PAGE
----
Frontier OPEN 2020 Finalists: Taylor Byas, Taneum Bambrick, & Julia Kolchinsky Dasbach
First, a sincere thank you to all the finalists for partnering with us. All of these poems deserve high praise. For Part 2, we’re sharing work by Taylor Byas, Taneum Bambrick, Julia Kolchinsky Dasbach. Part 3 arrives tomorrow! You can read Part 1 of the finalists here, and see the Winner, Kayleb Rae Candrelli, here.
And So You Want A Poem
by Taylor Byas
—after Anita Scott Coleman
And so you slap it on the ass
at the bar, buy it a drink. Between you
and the bartender, a double. And so it’s
single, blowing steam after a hard
day at work, bleary-eyed and losing
hope in everything except what’s in that
glass. And maybe you. And so the music
revs up and you drink your body
into a cage, two arms on either side
of the poem, enough room between the two
of you for Jesus and the list of tricks
you’ve mastered with your tongue. It’s late
now and the rowdy Friday night crowd spills
in from another bar, all mint
and maraschino mouths moving, marking
each other up. And so you can’t hear
the poem, have to really lend
an ear to it, get down on its level. And so
you ask it if it wants to go somewhere
more quiet, back to your place. Once home,
you tell it to get comfortable and it asks
for a beer. And so you crack open two, tornado-
gulp yours to prove you are made
for pouring into. But it’s not ready
for anything yet. And so you suggest going out
back, it’s a nice night. And so you lead it
out into the yard, show it where you cut
wood for the fire. You wear a shirt?
it asks, and this is your shot. You are shirtless
in the moon’s mirror, nudging the poem
to sit on the tree stump with axe-nicks
that cross and uncross themselves. Let me
show you how it’s done, as you weed
the axe from the earth. And so the poem
is impressed as you wind up, your body
more machine than muscle. You cut
a whistle into the air. The shawl of cicada-
song dulls the thud of your axe bit
burrowing into the face of the tree. And so
the poem’s two halves part like angry
lovers. So quick it couldn’t scream. And so you can’t
begin to realize what you have done.
Taylor Byas is a Black Chicago native currently living in Cincinnati, Ohio. She is now a second year PhD student and Yates scholar at the University of Cincinnati, and an Assistant Features Editor for The Rumpus. She was the 1st place winner of both the Poetry Super Highway and the Frontier Poetry Award for New Poets Contests. Her work appears or is forthcoming in New Ohio Review, Borderlands Texas Poetry Review, Glass, Iron Horse Literary Review, Hobart, Frontier Poetry, SWWIM, TriQuarterly, and others. Her chapbook, Bloodwarm, is forthcoming from Variant Lit this summer. She is represented by Rena Rossner of The Deborah Harris Agency.
Poem for Ellensburg
by Taneum Bambrick
We loved walking through Fred Meyer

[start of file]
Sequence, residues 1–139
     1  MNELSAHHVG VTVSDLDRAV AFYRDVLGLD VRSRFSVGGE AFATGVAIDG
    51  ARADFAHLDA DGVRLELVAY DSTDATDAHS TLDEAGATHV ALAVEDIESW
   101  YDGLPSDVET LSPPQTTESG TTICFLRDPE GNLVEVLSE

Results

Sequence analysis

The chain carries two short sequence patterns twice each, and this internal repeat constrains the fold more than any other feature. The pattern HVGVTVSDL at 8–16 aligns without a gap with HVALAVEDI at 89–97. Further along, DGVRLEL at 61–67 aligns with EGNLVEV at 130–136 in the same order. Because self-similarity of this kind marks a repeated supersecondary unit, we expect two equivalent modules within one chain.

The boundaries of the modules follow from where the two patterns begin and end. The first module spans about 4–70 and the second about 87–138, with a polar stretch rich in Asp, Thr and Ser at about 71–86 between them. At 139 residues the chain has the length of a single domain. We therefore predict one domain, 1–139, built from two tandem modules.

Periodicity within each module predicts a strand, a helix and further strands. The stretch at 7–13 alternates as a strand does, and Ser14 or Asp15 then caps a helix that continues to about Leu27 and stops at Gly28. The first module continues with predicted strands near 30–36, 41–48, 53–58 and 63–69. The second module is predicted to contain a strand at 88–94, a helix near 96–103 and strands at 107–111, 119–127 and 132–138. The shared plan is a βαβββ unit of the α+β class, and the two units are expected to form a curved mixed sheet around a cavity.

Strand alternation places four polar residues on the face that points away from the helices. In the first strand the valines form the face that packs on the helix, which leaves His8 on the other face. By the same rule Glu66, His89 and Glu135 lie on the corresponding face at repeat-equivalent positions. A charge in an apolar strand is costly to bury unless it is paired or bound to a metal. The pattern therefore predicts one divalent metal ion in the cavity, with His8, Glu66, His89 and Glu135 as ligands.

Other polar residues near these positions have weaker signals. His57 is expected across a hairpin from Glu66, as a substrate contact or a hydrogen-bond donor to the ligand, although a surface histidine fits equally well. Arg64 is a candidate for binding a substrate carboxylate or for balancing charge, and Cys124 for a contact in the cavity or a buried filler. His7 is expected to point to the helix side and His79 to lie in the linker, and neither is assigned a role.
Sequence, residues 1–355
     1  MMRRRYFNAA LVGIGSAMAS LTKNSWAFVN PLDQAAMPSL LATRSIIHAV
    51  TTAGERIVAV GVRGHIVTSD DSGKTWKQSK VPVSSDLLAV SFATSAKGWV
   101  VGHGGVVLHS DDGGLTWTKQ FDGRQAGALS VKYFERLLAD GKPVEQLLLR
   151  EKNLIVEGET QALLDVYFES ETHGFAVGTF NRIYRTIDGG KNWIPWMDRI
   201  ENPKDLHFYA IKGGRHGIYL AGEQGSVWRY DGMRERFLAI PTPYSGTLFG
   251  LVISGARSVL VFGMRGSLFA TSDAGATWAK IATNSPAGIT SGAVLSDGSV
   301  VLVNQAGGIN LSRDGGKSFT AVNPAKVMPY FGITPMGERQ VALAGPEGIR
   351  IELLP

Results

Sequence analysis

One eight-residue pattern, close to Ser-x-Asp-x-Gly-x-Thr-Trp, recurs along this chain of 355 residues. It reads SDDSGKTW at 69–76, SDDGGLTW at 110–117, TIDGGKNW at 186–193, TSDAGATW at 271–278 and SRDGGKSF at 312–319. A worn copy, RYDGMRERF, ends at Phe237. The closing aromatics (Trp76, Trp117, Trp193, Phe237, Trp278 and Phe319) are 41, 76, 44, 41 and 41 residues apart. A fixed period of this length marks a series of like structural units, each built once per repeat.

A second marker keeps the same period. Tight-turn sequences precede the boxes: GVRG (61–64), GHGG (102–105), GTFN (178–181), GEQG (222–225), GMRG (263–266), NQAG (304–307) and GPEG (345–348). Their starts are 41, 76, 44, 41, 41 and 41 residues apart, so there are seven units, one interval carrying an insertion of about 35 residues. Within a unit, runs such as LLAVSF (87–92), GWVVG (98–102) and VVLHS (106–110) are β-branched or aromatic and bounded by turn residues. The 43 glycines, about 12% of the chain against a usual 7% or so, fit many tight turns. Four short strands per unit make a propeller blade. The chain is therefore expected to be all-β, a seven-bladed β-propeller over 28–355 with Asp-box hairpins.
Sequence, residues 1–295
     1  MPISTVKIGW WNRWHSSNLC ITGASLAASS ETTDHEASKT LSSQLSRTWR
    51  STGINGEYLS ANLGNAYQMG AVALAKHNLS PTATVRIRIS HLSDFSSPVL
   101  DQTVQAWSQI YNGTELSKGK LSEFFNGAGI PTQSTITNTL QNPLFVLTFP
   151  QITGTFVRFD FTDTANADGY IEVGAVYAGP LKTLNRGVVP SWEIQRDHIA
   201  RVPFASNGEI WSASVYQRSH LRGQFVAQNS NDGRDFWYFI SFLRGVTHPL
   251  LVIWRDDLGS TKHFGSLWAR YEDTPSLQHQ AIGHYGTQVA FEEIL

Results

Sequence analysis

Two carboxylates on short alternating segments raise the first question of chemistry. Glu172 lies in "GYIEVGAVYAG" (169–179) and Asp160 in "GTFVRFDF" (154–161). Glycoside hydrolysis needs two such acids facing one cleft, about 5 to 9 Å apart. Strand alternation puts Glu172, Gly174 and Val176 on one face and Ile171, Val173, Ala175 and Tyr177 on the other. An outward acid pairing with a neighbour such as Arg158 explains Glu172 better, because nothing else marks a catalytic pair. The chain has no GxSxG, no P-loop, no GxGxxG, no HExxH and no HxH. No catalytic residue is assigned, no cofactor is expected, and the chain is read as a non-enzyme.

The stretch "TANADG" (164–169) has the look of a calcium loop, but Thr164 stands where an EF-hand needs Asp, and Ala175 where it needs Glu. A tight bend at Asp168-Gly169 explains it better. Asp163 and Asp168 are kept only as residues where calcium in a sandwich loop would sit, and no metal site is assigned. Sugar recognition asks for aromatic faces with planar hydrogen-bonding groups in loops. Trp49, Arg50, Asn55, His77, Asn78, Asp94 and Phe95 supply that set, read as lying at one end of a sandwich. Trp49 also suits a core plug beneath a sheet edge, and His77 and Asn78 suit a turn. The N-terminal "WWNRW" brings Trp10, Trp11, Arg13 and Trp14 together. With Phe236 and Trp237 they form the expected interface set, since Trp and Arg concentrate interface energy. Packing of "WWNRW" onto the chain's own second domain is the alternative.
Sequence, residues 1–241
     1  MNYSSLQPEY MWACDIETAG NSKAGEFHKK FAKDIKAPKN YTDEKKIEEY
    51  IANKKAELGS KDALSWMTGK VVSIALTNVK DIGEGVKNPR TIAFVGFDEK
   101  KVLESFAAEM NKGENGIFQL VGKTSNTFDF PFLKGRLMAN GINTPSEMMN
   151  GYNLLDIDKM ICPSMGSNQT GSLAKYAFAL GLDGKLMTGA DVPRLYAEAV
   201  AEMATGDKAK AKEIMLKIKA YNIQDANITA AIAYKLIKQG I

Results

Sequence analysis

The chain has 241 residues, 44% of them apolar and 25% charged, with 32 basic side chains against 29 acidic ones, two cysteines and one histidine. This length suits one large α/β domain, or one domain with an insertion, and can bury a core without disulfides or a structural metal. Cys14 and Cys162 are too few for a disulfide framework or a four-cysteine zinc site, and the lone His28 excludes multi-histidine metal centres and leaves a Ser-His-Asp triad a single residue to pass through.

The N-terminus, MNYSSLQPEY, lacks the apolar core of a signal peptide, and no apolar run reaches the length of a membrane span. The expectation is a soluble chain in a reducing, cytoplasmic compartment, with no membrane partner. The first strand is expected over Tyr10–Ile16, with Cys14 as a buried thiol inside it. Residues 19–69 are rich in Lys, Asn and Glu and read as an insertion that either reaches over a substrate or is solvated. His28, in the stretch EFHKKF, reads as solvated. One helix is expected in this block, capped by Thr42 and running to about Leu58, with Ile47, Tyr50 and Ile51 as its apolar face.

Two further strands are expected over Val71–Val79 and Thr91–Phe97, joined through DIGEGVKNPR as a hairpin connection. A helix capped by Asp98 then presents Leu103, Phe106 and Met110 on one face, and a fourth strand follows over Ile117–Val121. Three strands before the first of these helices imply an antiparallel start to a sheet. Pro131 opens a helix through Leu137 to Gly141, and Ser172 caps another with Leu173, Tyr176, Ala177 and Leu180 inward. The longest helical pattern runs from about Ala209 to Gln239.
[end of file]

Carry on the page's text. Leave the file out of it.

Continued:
with barn kittens in our sweatshirts. Loved,
from car windows, throwing Skittles
at the women sprinting up Craig’s Hill.
We loved lying blankets over gravel,
asleep with a boombox on the John Wayne Trail.
We peed on two high school tractors.
Emptied cans of applesauce on the black SUV
of the boy who loved us both simultaneously.
Loved calling each other gay inserted the word gay
into our own last names. We learned
what balls felt like working together
at Dairy Queen—the oldest employee
filling a rubber glove with a coil of ice cream.
We loved following each other through yard parties.
Through the canyon we pried crawdads
from a fanned creek. And when I was raped
we pooled our allowance to buy Plan B.
Quiet. Holding two huge Pepsis. We loved
until the Taco Bell on Main St.
The one where I danced in the drive-thru
and she accidentally ran over my feet. Crunchwrap,
spicy tostada, blue mountain dew.
And Brandon who worked there. He was the first
to ask if I had ever been in love with you.
Taneum Bambrick is the author of Intimacies, Received (Copper Canyon Press 2022) and Vantage (American Poetry Review 2019). Her work appears or is forthcoming in the New Yorker, The Nation, Academy of American Poets, and elsewhere.
Letter to My Son
by Julia Kolchinsky Dasbach
Nov. 7th 2020, the night before his fifth birthday
Remember, the city streets bloomed
human and I took your picture
jumping into a giant pile of leaves
where you buried your left shoe.
Remember, this was more than joy.
I don’t want to find it, you said,
so you could walk half-barefoot,
bringing home November
on your sole and in your hair.
Remember how the air clung
to your heels, no earth
could hold you. Remember
my hands, even though
they have stopped trying
to ground your gravityless body,
remember they will always
reach to hold you. Remember,
you were born in the city
of brotherly love, in a country
of welcome, born from a foreign
people and tongue. Know, the day
you turned one, I lost faith
in love and in country. Remember,
even in loss, try to find hope
for joy. Know, tomorrow, the day
you turn five, there will be
dancing on Walnut, Chestnut,
Spruce, on every street
named tree. There will be
wishes and candles. Know
there will be sweetness.
It will be warm and the maples
will glow against our unseasonable
autumn, but no season is
as it was, my love. You will ask why
the trees are on fire and run
towards flame. You will dance,
always, and with the whole of you.
But know, while half the country
joins you in rejoice, the other
hates us for our joy. Remember,
anything born seed
has within itself the hope
to flower, cherry blossoms
along the tidal basin
clenched tighter than a fist
turn radiant bloom overnight.
Remember, you can choose
to believe in flight, the body’s
pressing your bare belly
into mine and saying this
is your favorite part, the soft
you came from. Remember joy
can be that soft, my love,
my fingers through your curls
as you fall asleep, joy
in every dry leaf they find.